Understanding Genetic Mutations and Molecular Pathways of Brain Metastises to Enable Patient-Tailored Therapies

Priscilla Brastianos, MD
Priscilla Brastianos, MD
MGH Research Scholar 2021-2026
Department of Medicine, Massachusetts General Hospital
Mass General Cancer Center
Associate Professor, Harvard Medical School

Every year, approximately 300,000 patients in the U.S. are diagnosed with devastating brain metastases—cancer that has spread to the brain from other tumors in the body. Patients with breast cancer, melanoma and lung cancer, are particularly at high risk.

While advances in therapies have improved our ability to control cancer outside of the brain, more cancer patients are dying of brain metastases. Currently, most patients with brain metastasis die within a year of their initial diagnosis. They suffer terribly; headaches, paralysis, blindness and seizures are common effects. Patients face very limited options in alleviating their ordeal.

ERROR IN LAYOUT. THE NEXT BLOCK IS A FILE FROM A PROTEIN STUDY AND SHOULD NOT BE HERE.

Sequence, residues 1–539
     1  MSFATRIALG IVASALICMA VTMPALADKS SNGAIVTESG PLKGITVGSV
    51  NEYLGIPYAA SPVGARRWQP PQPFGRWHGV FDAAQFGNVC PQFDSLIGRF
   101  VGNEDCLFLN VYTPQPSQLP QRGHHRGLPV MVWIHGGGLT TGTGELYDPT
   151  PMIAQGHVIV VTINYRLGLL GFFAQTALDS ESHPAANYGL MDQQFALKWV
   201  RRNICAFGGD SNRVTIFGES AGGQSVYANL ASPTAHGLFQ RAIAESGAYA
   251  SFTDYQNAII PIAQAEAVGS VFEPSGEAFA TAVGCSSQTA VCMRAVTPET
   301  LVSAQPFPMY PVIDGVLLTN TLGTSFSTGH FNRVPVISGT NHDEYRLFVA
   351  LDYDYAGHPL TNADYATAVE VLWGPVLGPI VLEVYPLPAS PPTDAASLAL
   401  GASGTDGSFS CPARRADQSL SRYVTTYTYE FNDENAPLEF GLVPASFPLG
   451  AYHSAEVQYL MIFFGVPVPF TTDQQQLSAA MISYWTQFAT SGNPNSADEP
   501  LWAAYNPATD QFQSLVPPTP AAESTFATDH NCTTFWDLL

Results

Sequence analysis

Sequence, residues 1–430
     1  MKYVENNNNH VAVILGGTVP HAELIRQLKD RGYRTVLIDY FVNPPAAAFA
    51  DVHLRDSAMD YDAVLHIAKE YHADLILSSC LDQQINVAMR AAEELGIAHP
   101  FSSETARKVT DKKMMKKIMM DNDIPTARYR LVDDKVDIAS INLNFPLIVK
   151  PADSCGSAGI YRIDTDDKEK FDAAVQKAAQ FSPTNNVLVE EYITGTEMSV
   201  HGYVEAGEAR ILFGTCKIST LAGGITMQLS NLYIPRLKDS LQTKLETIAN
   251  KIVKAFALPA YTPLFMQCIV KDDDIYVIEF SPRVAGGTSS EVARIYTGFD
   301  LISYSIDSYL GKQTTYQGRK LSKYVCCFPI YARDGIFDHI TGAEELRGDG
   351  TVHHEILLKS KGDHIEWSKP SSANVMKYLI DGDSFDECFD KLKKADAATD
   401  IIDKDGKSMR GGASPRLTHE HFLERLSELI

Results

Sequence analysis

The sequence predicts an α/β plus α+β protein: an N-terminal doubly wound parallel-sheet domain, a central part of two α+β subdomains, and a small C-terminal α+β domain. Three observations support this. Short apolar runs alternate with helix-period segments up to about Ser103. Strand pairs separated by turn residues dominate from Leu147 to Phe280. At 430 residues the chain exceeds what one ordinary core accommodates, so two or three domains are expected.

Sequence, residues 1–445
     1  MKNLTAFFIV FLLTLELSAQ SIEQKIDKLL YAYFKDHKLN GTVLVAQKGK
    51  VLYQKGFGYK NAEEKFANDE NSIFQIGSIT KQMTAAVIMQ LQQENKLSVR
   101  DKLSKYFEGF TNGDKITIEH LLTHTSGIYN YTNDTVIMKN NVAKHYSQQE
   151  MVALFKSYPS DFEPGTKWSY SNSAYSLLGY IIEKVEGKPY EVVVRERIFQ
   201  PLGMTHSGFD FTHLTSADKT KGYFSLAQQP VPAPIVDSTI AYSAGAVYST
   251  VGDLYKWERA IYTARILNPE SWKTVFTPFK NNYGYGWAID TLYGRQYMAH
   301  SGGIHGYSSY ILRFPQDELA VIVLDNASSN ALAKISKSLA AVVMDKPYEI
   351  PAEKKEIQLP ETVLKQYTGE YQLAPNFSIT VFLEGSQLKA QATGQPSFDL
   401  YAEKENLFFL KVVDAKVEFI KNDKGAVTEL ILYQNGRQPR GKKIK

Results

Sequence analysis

Our goal is to identify therapeutic opportunities for patients with brain metastases. We have now established a Brain Metastasis Center at Massachusetts General Hospital. Through innovative science, we found therapeutic targets in brain metastases that we have translated to clinical trials.

With the MGH Research Scholar award, we will build upon this work. We will advance our understanding of the genetic mutations and molecular pathways that drive brain metastases using cutting-edge genomic technology and an extensive tissue collection of >1000 brain metastases samples. Identification of these mutations or pathways could help identify those cancer patients most likely to develop brain metastases, enabling more patient-tailored management.